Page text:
If you had a chance to watch SinBin’s Virtual Game Show, you would’ve seen me guess incorrectly which player leads the Golden Knights organization in power play assists. I answered Jonathon Marchessault with 27 PP assists, but was off by one.
Defenseman Shea Theodore leads the franchise with 28 power play assists. Based on games played it was a bit surprising, but when you check his man-advantage time on ice, it clearly makes sense. With over 567 PP minutes served for the Golden Knights, Theodore has become Vegas’ ace in the hole on the power play.
TSN’s Travis Yost argues over the past few years defensemen have been marginalized on the PP. Mostly because a majority of teams use a four forward unit. The Golden Knights have been one of those clubs. Sure, we’ve seen variations of 5-on-4 lines but Theodore is usually the lone defenseman. Which is why he’s gradually become more effective on Vegas’ power play. His PP statistics prove while he’s a valuable asset, blueliners overall are underutilized on offensive special teams.
It’s not a trivial data point. A few years ago, teams started to shift towards a four-forward power play because it yielded more scoring opportunities and, consequently, goals. –Travis Yost, TSN
This season, Theodore had the 17th most power play points in the NHL for a defenseman.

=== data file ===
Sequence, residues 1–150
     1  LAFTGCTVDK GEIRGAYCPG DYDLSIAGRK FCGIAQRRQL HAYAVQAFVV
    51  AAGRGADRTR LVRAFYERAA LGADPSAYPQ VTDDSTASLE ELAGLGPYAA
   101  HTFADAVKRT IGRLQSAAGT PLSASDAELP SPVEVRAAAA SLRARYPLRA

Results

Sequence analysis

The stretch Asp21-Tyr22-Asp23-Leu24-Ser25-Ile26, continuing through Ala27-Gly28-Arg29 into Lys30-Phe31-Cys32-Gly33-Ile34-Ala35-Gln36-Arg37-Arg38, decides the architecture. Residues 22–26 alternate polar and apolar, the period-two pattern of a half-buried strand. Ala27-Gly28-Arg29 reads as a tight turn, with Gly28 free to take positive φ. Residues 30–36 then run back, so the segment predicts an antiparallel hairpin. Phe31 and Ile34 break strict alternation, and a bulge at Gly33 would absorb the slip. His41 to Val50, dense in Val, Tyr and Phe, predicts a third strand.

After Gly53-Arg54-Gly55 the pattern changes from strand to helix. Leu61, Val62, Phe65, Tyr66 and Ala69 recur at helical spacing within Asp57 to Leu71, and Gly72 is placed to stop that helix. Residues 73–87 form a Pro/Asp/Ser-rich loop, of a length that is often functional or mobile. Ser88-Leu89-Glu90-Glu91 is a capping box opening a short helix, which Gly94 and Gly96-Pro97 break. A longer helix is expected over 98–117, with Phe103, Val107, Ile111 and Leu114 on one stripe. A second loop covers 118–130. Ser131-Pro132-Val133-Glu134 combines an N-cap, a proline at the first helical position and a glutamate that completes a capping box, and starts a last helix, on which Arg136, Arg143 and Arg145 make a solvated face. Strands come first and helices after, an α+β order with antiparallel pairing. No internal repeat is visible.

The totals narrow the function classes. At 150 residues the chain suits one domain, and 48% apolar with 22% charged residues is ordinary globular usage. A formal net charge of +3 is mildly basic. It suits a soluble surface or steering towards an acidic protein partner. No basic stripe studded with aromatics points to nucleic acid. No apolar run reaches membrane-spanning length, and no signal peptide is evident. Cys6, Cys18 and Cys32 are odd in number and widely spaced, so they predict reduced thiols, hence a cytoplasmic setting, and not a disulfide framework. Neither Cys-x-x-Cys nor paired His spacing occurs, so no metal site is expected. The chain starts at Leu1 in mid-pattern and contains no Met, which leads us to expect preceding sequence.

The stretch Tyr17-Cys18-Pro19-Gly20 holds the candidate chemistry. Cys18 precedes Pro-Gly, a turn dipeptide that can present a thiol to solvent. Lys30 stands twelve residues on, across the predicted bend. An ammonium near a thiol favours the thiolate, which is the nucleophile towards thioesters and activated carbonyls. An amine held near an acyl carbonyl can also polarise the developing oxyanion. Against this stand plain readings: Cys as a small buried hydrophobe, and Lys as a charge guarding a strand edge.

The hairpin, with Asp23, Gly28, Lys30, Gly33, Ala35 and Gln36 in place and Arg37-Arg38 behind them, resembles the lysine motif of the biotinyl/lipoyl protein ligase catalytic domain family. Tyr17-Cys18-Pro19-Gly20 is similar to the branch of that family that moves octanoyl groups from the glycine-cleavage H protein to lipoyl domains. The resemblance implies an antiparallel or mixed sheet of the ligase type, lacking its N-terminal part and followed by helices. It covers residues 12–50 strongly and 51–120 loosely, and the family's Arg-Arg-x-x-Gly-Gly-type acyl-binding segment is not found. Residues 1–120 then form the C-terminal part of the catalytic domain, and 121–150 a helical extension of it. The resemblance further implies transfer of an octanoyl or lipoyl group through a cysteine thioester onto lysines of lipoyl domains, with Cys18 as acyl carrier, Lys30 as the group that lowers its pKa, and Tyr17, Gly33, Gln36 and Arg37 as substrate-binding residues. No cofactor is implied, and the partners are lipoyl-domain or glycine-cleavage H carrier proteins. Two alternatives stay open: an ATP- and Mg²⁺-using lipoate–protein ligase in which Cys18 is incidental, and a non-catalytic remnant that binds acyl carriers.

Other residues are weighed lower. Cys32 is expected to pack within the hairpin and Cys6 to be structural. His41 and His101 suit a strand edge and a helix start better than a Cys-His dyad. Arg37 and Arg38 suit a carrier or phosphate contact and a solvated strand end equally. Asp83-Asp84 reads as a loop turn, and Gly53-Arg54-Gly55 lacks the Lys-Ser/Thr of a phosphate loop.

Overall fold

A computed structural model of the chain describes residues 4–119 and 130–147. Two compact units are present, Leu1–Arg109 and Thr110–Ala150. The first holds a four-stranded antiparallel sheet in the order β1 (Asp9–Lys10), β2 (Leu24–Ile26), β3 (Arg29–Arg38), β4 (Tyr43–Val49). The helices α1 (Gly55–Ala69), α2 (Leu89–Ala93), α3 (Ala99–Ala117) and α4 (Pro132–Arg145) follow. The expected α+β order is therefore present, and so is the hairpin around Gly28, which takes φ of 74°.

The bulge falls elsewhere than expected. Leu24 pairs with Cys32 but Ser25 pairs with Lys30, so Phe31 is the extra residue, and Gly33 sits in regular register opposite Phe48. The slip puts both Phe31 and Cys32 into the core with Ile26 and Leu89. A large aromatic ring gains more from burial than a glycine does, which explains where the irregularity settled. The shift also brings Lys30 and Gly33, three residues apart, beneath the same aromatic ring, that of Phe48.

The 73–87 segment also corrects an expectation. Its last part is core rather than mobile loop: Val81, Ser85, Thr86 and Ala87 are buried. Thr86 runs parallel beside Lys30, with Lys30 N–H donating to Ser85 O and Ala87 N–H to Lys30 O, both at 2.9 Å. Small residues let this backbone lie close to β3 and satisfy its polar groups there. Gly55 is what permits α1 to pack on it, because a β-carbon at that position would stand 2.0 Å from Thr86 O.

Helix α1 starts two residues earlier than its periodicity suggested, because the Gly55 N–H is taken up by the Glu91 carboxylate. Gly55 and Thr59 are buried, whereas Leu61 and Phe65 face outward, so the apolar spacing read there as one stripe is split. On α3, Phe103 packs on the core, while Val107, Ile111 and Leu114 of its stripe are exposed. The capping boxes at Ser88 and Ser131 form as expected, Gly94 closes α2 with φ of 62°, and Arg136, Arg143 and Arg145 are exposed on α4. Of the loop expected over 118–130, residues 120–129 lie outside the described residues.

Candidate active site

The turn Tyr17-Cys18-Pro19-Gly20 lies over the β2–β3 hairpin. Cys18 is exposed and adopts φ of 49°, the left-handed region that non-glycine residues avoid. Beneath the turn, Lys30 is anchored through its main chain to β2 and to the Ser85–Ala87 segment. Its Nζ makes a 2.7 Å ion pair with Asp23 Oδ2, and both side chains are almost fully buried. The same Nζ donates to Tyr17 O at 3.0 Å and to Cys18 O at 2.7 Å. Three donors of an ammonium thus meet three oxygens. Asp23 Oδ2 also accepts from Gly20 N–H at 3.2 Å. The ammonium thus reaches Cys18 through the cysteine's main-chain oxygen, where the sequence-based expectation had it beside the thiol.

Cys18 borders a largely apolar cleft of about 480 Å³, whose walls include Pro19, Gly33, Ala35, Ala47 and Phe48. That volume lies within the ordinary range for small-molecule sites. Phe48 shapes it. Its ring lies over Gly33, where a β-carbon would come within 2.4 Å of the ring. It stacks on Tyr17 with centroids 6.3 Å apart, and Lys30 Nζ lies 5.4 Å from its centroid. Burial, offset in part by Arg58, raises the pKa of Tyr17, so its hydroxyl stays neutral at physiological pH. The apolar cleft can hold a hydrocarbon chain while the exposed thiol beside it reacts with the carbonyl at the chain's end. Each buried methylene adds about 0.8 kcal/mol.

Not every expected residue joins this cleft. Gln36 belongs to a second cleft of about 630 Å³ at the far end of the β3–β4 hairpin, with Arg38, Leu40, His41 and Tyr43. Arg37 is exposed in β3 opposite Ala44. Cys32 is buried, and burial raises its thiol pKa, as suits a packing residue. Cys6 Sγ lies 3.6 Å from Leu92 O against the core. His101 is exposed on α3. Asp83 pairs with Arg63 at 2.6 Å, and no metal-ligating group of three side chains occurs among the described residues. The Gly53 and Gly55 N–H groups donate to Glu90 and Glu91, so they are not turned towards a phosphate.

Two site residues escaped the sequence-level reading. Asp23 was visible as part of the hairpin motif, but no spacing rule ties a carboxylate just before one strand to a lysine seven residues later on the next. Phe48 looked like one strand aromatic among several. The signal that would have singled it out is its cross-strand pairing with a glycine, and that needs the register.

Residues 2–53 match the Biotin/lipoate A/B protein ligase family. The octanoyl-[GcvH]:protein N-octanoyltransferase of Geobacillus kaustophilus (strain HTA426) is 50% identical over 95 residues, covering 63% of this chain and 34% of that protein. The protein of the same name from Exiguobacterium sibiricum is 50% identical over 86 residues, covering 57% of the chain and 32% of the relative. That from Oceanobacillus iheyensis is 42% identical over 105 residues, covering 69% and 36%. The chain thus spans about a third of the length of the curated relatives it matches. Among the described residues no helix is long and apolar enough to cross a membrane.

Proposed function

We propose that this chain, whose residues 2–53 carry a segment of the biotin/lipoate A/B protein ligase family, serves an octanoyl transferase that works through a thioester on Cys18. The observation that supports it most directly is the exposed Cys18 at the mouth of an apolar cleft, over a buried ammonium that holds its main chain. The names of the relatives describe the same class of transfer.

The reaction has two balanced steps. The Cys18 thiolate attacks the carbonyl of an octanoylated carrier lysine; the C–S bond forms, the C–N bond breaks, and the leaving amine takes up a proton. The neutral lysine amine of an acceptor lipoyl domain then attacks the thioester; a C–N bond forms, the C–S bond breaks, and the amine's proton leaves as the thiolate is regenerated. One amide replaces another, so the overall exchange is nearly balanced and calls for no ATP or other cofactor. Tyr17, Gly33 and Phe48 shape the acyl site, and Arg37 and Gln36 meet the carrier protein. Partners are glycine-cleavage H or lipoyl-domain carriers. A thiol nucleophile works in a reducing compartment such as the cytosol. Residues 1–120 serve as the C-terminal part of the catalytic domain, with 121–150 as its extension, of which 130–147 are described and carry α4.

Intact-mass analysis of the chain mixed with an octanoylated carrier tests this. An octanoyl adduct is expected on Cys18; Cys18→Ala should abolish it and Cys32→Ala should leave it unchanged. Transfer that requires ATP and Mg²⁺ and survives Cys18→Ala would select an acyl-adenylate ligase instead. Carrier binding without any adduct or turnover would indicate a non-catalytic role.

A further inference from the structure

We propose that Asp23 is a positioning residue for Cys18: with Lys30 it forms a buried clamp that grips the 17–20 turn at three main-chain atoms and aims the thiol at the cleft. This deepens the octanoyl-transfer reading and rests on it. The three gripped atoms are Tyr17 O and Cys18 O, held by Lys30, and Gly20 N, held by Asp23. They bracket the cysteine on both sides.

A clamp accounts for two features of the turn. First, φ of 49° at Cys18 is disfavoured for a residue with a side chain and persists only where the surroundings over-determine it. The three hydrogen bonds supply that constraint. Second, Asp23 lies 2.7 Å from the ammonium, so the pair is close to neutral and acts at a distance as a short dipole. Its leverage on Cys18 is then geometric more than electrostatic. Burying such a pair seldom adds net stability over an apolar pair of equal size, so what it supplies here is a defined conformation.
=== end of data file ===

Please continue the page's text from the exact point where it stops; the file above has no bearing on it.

2017-18: 9 PP Points (1 Goal, 8 Assists)
2018-19: 8 PP Points (4 Goals, 4 Assists)
2019-20: 16 PP Points (1 Goal, 15 Assists)
Without a doubt the 24-year-old has become the Golden Knights #1 blueline option on the PP. Theodore’s PP TOI% is 70.6% (5th in the NHL), showing he’s deployed like John Carlson, Torey Krug, Rasmus Dahlin, and Kris Letang.
Need further evidence? Don’t mind if I do.
2017-18: 2:33 PP minutes per game (1st)
2018-19: 2:25 PP minutes per game (Tied-6th)
2019-20: 3:06 PP minutes per game (1st)
This season Vegas’ top d-man averaged the same amount of PP time as Blues star Alex Pietrangelo. Both were tied for 13th most in the league and led their respective teams. The left-handed defenseman logged 36 more seconds on the power play per game than the next player down, forward Mark Stone. Nate Schmidt served the second most PP TOI for a defenseman at 1:06, which is two minutes less than Theodore’s average.
The numbers display Theodore’s impact, but also confirm the Golden Knights are like most teams, preferring a power play line with four forwards. The five other Golden Knights defensemen see much less time on the man-advantage, going along with the marginalization theory. NHL coaches realize more playmakers and scorers on the ice is a much more effective attack than two defensemen. One man can do the job, and Theodore does it superbly.